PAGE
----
New Competitor - Ample


#23

“Based on science, not dogma.” and “Ample does NOT … GMOs” Doh!


#24

I noticed their “exclusive IndieGogo discounted price” (or whatever they called it) is still more than twice what I pay for 2.0…


#25

So true… I find that most “natural” food enthusiasts (i.e. Soylent haters) have unacceptably circular and illogical arguments (WTH is an ancient grain?). If I had a chef in my kitchen who could make me a completely balanced traditional meal, with all of the required nutrients, macros, and tasted great, then for sure I would choose that meal. Since I live in reality and have better things to do with my time…

BTW, I’m an engineer, and had been dreaming of soylent (little s) long before RL. Looking forward to sleep in a bottle…


#26

RL should print the word ‘Natural’ on 2.0 bottles.


#27

The FDA just finished up an open comment period for using the term “natural” on food labeling.

There is so much back and forth on what should be considered “natural,” it would not behoove RL to label their product natural. Soylent may have an ingredient that may not be considered natural if the FDA decides to regulate the labeling.

For example, if a product contains GMO’s, it may not be considered natural depending on which way the FDA leans, if the FDA does in fact decided to regulate the “natural” term on food labeling.

Soylent does indeed contain GMO products.

https://www.regulations.gov/#!docketDetail;D=FDA-2014-N-1207

https://www.regulations.gov/#!documentDetail;D=FDA-2014-N-1207-0001


#28

Anti-GMO arguments contain huge amounts of derp. I once got into an argument with some granola-heads who were arguing that GMO rice with added Vitamin A to combat blindness in impoverished areas was terrible because “They just need to grow more leafy greens!” I repeatedly explained that they don’t have the means to do so, and was basically told it was preferable for children to go blind than eat GMO rice because Frankenfoods and stuff.


#29

I have stopped arguing with those people. Some people feel the need to scream or argue and not try to understand or listen - or in the least see the topic in the other person perspective. I don’t deal with the back and forth any more, especially on the internet.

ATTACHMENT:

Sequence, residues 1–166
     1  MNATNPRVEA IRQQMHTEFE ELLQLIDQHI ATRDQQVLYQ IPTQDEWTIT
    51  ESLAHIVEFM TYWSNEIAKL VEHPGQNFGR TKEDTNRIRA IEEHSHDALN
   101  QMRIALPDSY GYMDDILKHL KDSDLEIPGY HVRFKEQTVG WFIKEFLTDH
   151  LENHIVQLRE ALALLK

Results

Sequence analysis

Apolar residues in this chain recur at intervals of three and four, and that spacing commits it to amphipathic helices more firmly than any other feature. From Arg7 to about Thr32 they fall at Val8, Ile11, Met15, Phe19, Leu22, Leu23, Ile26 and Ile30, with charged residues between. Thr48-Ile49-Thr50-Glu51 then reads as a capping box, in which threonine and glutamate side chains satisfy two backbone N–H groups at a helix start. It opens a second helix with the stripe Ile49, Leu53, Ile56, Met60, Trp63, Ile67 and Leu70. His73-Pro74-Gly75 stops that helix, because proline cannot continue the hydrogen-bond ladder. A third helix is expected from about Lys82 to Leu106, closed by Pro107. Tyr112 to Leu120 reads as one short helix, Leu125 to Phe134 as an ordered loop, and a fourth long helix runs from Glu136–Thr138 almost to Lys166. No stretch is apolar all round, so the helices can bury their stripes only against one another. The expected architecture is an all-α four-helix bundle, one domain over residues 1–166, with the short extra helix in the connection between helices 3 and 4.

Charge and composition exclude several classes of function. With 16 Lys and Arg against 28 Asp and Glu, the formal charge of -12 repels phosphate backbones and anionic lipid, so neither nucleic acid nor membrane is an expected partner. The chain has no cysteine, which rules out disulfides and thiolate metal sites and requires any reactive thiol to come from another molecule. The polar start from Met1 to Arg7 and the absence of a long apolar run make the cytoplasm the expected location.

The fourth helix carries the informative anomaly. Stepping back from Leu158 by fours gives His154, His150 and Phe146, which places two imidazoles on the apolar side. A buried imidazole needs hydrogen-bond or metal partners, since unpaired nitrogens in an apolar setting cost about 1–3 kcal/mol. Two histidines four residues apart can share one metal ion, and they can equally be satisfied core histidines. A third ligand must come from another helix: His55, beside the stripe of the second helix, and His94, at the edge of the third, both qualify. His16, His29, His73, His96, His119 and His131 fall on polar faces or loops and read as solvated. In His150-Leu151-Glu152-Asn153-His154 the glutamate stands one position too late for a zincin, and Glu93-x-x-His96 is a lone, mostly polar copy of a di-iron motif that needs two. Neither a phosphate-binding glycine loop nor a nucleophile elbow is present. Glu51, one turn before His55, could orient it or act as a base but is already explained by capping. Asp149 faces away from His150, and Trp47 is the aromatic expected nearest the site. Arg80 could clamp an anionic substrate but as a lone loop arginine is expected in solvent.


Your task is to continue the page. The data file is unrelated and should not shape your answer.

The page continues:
#30

Children that can’t see themselves eating GMO foods.


#31

I see what you did there.


#32

How about the term ‘organic’ do you think RL can get away with using this term? Not trying to be snarky (or whatever they call it :slight_smile:) i am genuinely curious.


#33

I think RL should focus on the word “scientific”.


#34

Soylent isn’t “organic” in the marketing sense of the word.


#35

We won’t be using organic. We did spend money putting up billboards that said PRO-GMO.


#36

Correct me if i am wrong but I thought being organic meant being made without the use of pesticides, so even if soylent has pro-gmo stuff in it, if it was done without pesticides it could be organic, right?

Ah never mind i get it. :smile: Damn i am becoming like joey.


#37

Organic has a legal definition for foodstuffs.

There are also state standards which may apply teeth to the laws.


#38

First impressions are in.


#39

Very skeptical of this review:

One of my only complaints about Soylent was its weight. It arrives as a pre-mixed, bottled liquid, which is convenient if you’re hungry at home or at the office. But if you want to pack a Soylent for a hike or bring a six-pack with you to a family wedding, as I was forced to do after my injury, it’s a pain to carry. Plus, it tastes nasty when warm.

Ample, in its powdered, bottled form, is light and still extremely portable.

She doesn’t mention the powdered form of Soylent, that is, ya know, the original Soylent. Despite this, she is a self proclaimed soylent “fangirl.” I throw some in a Nalgene with a blender bottle ball and it shakes it all up quite easily.


#40

Yes, I noticed that. Also, 2.0 doesn’t taste nasty when not chilled, IMHO.


#41

I threw down $11 for the sample pack (one 400 cal bottle and one 600 cal bottle). I love my Soylent 2.0, but am not opposed to trying other stuff for variety’s sake.


#42

It really annoys me when someone who clearly doesn’t know anything about a science attempts to use it to sell their product to those who don’t know better. I’m not sure if the team actually believe the rubbish they’re spouting about GMOs and “natural” ingredients, or if they’re just using it as a marketing ploy to make a quick dollar, but it really gets to me.

Nowhere on their entire website have they listed a nutritional label that displays more than the macros, vitamins A & C, iron and calcium, so there’s no way of knowing for sure that this steaming pile of rubbish is even nutritionally complete.

With the current information available, there isn’t a hope in hell I’d even take a free sample of this, let alone fork out the ridiculous per meal cost they’re expecting, and I’m frankly amazed so many others have already. Perhaps I’m missing something but all this product seems to offer is big claims hidden behind pseudo-science. Anyone feel free to correct me if they think I’m wrong.